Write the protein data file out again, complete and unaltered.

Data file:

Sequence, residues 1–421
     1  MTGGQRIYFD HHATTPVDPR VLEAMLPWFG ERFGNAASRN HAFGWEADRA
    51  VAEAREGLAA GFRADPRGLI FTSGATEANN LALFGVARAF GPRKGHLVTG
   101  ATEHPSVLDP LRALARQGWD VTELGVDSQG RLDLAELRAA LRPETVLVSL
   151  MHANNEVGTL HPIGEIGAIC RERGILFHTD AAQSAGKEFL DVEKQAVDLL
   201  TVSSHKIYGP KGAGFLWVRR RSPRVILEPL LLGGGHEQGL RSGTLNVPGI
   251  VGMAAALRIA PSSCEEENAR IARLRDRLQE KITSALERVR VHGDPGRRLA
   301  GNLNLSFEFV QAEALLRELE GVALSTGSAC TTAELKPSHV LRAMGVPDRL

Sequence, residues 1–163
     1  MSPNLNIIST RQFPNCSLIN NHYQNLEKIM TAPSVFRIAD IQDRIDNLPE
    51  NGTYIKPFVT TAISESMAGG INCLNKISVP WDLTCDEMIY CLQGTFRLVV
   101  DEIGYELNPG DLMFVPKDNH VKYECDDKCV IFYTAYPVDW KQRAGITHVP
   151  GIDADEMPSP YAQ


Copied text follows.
Sequence, residues 1–421
     1  MTGGQRIYFD HHATTPVDPR VLEAMLPWFG ERFGNAASRN HAFGWEADRA
    51  VAEAREGLAA GFRADPRGLI FTSGATEANN LALFGVARAF GPRKGHLVTG
   101  ATEHPSVLDP LRALARQGWD VTELGVDSQG RLDLAELRAA LRPETVLVSL
   151  MHANNEVGTL HPIGEIGAIC RERGILFHTD AAQSAGKEFL DVEKQAVDLL
   201  TVSSHKIYGP KGAGFLWVRR RSPRVILEPL LLGGGHEQGL RSGTLNVPGI
   251  VGMAAALRIA PSSCEEENAR IARLRDRLQE KITSALERVR VHGDPGRRLA
   301  GNLNLSFEFV QAEALLRELE GVALSTGSAC TTAELKPSHV LRAMGVPDRL

Sequence, residues 1–163
     1  MSPNLNIIST RQFPNCSLIN NHYQNLEKIM TAPSVFRIAD IQDRIDNLPE
    51  NGTYIKPFVT TAISESMAGG INCLNKISVP WDLTCDEMIY CLQGTFRLVV
   101  DEIGYELNPG DLMFVPKDNH VKYECDDKCV IFYTAYPVDW KQRAGITHVP
   151  GIDADEMPSP YAQ